Tue, 07/17/2012 - 15:38 | 2625297 Dr. Engali
Dr. Engali's picture

What a stupid ass thing to do, taking money from your 401k to pay off debt .Screw the banks they can't touch  401k money. Default on your debt before they have everything you own.

Tue, 07/17/2012 - 15:54 | 2625570 kito
kito's picture

doc--as long as your money is in their 401k account, they own it............

Tue, 07/17/2012 - 16:06 | 2625627 Dr. Engali
Dr. Engali's picture

Well you're right there kito. But it drives me nuts to hear about somebody pulling money out of a 401k or an IRA to pay off a debt. You can carry them through bankruptcy without them touching it.  Chances are thes people will pay off their debt with their 401k and have to declare bankruptcy anyway. Leaving them with nothing and the bank with everything.

Tue, 07/17/2012 - 16:27 | 2625735 mobtown
mobtown's picture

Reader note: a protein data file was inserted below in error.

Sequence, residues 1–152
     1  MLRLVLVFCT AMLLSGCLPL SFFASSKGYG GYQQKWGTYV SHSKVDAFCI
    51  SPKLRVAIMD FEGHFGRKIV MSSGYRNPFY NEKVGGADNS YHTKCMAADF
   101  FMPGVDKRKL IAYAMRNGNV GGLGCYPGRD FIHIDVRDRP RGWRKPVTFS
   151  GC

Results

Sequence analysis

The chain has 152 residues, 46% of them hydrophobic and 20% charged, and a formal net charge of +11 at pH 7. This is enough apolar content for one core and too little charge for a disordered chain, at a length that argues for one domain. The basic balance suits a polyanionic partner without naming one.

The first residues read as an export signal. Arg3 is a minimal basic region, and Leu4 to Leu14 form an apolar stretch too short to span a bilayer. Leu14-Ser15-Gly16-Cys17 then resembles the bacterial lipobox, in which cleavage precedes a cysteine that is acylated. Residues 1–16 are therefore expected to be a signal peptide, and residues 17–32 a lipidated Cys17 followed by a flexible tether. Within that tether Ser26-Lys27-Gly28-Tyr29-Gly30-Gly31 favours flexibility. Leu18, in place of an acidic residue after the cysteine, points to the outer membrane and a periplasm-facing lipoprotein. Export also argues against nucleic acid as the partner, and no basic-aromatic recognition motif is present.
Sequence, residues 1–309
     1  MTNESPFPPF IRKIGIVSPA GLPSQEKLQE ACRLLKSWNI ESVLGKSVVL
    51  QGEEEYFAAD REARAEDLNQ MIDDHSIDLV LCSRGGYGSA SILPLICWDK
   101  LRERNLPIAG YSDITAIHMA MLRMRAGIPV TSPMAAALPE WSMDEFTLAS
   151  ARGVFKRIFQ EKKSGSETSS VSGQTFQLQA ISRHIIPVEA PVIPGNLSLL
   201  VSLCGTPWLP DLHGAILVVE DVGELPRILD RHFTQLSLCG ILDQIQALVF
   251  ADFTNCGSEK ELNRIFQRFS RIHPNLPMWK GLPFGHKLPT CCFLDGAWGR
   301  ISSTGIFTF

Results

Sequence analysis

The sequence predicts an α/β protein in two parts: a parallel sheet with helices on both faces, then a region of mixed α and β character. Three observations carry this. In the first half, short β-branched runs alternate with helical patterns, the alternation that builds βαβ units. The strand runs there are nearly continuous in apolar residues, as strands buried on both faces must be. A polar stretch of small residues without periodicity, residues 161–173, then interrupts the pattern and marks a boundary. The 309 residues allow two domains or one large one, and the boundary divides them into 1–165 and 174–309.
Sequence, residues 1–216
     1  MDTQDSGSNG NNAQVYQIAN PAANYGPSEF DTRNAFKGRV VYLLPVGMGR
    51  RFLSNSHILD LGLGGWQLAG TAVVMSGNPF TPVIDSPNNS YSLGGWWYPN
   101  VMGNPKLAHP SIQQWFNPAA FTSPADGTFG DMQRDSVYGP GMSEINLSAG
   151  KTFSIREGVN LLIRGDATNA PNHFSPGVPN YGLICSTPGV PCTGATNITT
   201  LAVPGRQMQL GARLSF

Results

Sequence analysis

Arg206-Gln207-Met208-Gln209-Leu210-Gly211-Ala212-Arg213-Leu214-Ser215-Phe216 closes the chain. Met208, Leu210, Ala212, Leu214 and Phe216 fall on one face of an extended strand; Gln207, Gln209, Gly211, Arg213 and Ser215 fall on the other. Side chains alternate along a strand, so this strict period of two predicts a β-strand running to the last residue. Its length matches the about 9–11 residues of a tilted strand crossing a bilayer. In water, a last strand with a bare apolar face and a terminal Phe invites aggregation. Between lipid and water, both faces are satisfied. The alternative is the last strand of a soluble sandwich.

I still have my five great kids.

Tue, 07/17/2012 - 19:17 | 2626321 pacu44
pacu44's picture

Doing the right thing is the right thing to do...


Separates good from evil.


Tue, 07/17/2012 - 15:13 | 2625304 sudzee
sudzee's picture

Ron Paul - Gold commision?

Freedom Fest 2012 was held in Las Vegas July 11-14, 2012. On Saturday, July 14, U.S. Senator Rand Paul, Ky., told attendees that he was going to recommend that likely Republican presidential nominee Mitt Romney announce a plan to appoint a new U.S. Gold Commission along with a statement that he would appoint Ron Paul (Rand Paul’s father) as chair. When I talked with Sen. Paul at breakfast the next morning he did not elaborate further on this announcement.